ITT8 in June 2018 opened with a celebration of SAMBa’s first completed PhD student, Marcus Kaiser, and also noted another first – a government minister here to present some problems for us to consider. This was José Molinas, Minister for Planning in the government of Paraguay, who had come to seek help with statistical modelling of survey data targeting extreme poverty in Paraguay. After a successful week of problem formulation at the ITT, it was agreed that a academics Julian Faraway and Karim Anaya-Izquierdo , along with students Kevin Olding, Teo Deveney, Malena Sabaté Landman and Marcus Kaiser would visit Asunción to continue this work and to help build statistical capacity within the Ministry.
Arriving in Paraguay the team were flattered and somewhat surprised to find they were VIPs in Asunción - met by hosts Rafa and Angie as they walked off the plane they were whisked to the hotel in the Presidential car. Lunch in a local Paraguayan restaurant gave us a feel of what was to come in the rest of the week - a traditional lunch of steaks sandwiched by more steaks. The food split the group somewhat - Teo describing it as ‘the best meal of my life’, whilst South America was to be slightly less delicious for the vegan in the group, Marcus, who could only describe his diet there as ‘crackers’.
The workshop began in earnest on Monday with a meeting with the José, followed by introductions and a plan for the week. There was time for a quick trip to the local shops to buy some souvenirs at lunch and the rest of the day was taken up with Julian and Karim delivering a workshop for delegates from three departments in the Ministry who learnt about reading and manipulating data, creating plots, and applying linear models, decisions trees and random forests amongst other things.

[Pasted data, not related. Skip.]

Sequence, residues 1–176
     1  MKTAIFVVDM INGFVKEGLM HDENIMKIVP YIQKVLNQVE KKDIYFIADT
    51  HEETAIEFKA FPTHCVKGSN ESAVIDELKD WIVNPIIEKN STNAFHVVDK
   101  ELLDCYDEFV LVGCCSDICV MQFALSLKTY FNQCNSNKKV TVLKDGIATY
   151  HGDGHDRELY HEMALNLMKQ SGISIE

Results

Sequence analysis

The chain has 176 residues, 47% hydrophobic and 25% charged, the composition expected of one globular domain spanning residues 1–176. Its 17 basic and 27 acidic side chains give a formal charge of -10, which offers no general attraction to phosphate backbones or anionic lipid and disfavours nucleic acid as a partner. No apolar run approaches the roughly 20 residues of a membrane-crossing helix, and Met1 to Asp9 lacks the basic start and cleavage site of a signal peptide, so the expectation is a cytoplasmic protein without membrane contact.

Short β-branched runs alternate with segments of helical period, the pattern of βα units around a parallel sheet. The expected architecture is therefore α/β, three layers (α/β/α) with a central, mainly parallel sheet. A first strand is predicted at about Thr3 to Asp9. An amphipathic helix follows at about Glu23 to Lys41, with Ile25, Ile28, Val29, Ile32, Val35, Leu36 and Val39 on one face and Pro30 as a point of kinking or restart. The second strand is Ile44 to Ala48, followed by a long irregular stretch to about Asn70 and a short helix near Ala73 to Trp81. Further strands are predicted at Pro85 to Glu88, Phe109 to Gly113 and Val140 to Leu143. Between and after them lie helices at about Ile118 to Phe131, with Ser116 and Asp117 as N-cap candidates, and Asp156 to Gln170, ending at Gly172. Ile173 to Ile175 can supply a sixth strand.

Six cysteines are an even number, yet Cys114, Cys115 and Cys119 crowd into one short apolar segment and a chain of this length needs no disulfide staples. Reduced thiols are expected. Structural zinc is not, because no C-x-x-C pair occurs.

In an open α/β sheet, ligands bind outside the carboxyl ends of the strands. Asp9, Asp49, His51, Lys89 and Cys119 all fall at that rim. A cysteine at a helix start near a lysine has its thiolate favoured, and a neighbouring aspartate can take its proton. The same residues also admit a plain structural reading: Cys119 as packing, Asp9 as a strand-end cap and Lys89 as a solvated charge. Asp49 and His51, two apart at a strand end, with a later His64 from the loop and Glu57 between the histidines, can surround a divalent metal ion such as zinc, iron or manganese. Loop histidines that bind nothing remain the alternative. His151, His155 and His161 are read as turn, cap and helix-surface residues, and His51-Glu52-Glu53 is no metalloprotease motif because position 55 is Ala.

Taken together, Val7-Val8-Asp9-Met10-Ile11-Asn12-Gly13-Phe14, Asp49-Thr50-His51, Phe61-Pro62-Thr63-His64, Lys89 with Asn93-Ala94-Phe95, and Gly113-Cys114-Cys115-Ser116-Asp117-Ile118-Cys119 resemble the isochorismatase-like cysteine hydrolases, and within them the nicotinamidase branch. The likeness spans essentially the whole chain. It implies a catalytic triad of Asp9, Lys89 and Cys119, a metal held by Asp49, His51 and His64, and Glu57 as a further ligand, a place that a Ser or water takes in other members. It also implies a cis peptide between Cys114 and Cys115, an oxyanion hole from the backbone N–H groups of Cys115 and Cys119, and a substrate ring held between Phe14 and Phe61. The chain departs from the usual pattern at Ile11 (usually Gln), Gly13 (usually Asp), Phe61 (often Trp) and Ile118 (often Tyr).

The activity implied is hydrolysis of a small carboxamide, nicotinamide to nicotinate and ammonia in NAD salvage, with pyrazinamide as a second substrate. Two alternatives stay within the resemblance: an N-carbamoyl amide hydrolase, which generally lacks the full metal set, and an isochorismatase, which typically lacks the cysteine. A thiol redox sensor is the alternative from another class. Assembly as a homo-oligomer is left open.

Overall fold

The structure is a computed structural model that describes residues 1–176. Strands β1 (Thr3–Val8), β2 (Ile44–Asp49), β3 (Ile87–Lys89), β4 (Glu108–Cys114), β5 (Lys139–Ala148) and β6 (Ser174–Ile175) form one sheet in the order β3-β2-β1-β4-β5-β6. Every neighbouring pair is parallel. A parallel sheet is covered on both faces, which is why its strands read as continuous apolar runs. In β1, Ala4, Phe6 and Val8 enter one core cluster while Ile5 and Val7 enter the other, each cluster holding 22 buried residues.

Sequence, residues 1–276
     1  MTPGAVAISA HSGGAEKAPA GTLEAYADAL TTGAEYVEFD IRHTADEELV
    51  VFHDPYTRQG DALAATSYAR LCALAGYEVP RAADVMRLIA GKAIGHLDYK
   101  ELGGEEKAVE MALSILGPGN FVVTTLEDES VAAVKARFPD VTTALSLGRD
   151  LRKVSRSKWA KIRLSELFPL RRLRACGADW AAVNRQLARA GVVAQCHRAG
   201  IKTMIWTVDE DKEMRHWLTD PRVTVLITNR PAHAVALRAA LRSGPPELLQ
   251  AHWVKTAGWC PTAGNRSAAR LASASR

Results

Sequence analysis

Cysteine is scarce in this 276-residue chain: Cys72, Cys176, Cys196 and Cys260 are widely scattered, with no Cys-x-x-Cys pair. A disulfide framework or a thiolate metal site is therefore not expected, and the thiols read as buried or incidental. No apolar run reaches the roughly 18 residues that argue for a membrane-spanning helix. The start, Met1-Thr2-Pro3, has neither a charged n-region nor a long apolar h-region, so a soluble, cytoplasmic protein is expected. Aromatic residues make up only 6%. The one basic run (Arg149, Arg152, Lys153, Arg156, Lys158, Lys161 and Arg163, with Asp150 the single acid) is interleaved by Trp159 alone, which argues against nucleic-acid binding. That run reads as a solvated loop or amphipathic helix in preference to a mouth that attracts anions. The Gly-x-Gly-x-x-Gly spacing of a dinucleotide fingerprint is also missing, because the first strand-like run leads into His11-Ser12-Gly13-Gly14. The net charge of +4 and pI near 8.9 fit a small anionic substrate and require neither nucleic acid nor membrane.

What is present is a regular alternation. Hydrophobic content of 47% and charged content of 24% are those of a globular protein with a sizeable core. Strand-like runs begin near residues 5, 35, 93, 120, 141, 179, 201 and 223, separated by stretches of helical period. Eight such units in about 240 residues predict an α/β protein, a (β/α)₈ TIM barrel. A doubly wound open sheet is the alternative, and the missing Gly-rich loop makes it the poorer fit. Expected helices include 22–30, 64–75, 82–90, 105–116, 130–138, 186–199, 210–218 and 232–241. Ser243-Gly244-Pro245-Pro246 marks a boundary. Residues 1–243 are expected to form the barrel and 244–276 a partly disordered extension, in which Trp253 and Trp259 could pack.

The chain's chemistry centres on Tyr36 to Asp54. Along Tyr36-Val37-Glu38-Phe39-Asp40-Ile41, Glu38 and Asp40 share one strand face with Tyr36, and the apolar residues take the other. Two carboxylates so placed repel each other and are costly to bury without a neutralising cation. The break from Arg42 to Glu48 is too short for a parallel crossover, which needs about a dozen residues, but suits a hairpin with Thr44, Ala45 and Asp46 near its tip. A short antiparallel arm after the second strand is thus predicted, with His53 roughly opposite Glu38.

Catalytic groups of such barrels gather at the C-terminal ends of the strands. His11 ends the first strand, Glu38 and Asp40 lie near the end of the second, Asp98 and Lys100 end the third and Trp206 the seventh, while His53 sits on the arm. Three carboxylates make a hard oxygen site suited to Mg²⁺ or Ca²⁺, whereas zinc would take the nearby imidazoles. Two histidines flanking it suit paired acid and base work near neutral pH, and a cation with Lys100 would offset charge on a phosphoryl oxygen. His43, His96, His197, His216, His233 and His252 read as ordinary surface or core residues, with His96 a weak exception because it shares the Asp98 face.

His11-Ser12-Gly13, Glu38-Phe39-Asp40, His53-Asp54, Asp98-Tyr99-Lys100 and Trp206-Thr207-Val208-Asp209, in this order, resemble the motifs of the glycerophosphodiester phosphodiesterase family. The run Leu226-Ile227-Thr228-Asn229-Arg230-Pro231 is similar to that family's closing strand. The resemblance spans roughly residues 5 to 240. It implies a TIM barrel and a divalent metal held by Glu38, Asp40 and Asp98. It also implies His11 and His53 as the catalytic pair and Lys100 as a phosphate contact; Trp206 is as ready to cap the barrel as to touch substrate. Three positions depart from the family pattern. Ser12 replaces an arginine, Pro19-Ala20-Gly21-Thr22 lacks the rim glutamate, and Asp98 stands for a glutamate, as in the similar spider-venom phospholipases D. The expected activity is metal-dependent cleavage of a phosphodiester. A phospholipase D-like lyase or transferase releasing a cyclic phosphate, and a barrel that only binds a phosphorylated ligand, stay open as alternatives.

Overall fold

After the workshop, the students were given a tour of Asunción, and this also gave them a chance to get to know Laura Oporto better, a Paraguayan student who will be joining the SAMBa programme as part of cohort 5 this October. Laura joined the group for the whole week and got a taste of what is to come next year whilst also making valuable contributions to the week’s work herself, not least as one of a few in the group to speak both Spanish and English.
Part way through the workshop, the group split into two, with Karim, Malena and Kevin (who had concealed his knowledge of Spanish until this point) working with a Spanish speaking team to clean the two survey datasets and to create a common set of variables that could be used for model building and prediction. Julian, Marcus and Teo continued the statistical teaching with some more advanced topics with the English-speaking group, including further statistical methods and a workshop on machine learning and image processing led by Teo and Marcus.